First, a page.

8. Open the code-beside file GroupChat.aspx.cs for editing. Add a method that retrieves the user’s name from session state:

    using System;
    using System.Collections.Generic;
    using System.Linq;
    using System.Web;
    using System.Web.UI;
    using System.Web.UI.WebControls;
    
    
    public partial class GroupChat : System.Web.UI.Page
    {
        protected void Page_Load(object sender, EventArgs e)
        {
        }
    
        protected string GetUserID()
        {
            string strUserID =
              (string) Session["UserID"];
            return strUserID;
        }
    }
  9. Add a method to update the UI so that users may type messages only after they’ve identified themselves. If the user has not been identified (that is, the session variable is not there), disable the chat conversation UI elements and enable the user identification UI elements. If the user has been identified, enable the chat conversation UI elements and disable the user identification UI elements:

    using System;
    using System.Collections.Generic;
    using System.Linq;
    using System.Web;
    using System.Web.UI;
    using System.Web.UI.WebControls;
    
    
    public partial class GroupChat : System.Web.UI.Page
    {
        protected void Page_Load(object sender, EventArgs e)
        {
        }
        // other code goes here...
        void ManageUI()
        {
            if (GetUserID() == null)
    
            {
                 // if this is the first request, then get the user's ID
                 TextBoxMessage.Enabled = false;
                 TextBoxConversation.Enabled = false;
                 ButtonAddYourMessage.Enabled = false;
    
                 ButtonSubmitID.Enabled = true;
                 TextBoxUserID.Enabled = true;
            }
            else
            {
                 // if this is the first request, then get the user's ID
                 TextBoxMessage.Enabled = true;
                 TextBoxConversation.Enabled = true;
                 ButtonAddYourMessage.Enabled = true;
    
                 ButtonSubmitID.Enabled = false;
                 TextBoxUserID.Enabled = false;
            }
        }
    }
  10. Add a Click event handler for the Button that stores the user ID (ButtonSubmitID). The method should store the user’s identity in session state and then call ManageUI to enable and disable the correct controls:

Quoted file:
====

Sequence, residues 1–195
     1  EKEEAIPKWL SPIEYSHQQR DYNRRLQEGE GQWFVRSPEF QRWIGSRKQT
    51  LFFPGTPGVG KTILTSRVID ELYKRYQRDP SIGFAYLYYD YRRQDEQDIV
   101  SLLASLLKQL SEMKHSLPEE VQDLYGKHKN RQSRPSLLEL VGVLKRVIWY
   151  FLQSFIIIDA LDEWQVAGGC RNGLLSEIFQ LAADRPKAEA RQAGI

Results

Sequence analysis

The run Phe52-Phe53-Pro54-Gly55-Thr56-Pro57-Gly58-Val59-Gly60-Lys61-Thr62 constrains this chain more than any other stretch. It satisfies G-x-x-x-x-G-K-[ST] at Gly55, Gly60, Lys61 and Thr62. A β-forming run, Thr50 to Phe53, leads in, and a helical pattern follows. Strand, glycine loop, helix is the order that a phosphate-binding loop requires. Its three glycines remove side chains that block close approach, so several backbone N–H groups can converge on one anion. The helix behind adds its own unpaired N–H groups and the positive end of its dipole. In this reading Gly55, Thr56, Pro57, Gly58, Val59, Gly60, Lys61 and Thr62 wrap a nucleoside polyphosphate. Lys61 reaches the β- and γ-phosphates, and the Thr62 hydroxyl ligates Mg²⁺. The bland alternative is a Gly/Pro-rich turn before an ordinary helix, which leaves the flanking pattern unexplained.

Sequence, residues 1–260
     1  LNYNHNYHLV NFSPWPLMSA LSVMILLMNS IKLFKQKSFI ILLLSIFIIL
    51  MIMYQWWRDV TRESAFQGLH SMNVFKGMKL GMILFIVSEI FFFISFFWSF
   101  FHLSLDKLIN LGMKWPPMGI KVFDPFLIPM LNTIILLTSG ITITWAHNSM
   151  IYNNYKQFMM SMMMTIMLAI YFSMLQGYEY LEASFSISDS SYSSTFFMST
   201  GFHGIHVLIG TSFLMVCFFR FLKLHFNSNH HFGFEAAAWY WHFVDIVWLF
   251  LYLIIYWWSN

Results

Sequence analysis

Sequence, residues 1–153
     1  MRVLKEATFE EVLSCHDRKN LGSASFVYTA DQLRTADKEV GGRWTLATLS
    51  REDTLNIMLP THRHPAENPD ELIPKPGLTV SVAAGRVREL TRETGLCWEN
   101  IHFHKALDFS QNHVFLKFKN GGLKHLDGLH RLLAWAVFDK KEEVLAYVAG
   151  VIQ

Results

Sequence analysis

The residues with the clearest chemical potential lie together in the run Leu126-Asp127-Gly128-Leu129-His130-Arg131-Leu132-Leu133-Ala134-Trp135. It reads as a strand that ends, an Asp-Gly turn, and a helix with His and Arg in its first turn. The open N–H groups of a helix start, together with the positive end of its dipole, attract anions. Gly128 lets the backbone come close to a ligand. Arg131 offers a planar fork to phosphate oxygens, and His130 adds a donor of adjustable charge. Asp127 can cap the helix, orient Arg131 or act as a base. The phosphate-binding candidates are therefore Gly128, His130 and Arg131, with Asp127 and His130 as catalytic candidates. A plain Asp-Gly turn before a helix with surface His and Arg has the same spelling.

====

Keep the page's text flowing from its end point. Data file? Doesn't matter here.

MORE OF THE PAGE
using System;
    using System.Collections.Generic;
    using System.Linq;
    using System.Web;
    using System.Web.UI;
    using System.Web.UI.WebControls;
    
    public partial class GroupChat : System.Web.UI.Page
    {
        protected void Page_Load(object sender, EventArgs e)
        {
        }
       // other page code goes here...
        protected void ButtonSubmitID_Click(object sender, EventArgs e)
        {
            Session["UserID"] = TextBoxUserID.Text;
            ManageUI();
        }
    }
  11. Add a method to the page for refreshing the conversation. The code should look up the message list in the application cache and build a string that shows the messages in reverse order (so the most recent is on top). Then, the method should set the conversation TextBoxConversation’s Text property to the new string (that is, the text property of the TextBox showing the conversation):

    using System;
    using System.Collections.Generic;
    using System.Linq;
    using System.Web;
    using System.Web.UI;
    using System.Web.UI.WebControls;
    
    public partial class GroupChat : System.Web.UI.Page
    {
       // other page code goes here...
        void RefreshConversation()
        {
            List<string> messages = (List<string>)Cache["Messages"];
            if (messages != null)
            {
                string strConversation = "";
    
                int nMessages = messages.Count;
    
                for(int i = nMessages-1; i >=0; i--)
                {
                    string s;
    
                    s = messages[i];
                    strConversation += s;
                    strConversation += "\r\n";
                }
    
                TextBoxConversation.Text =
                    strConversation;
            }
        }
    }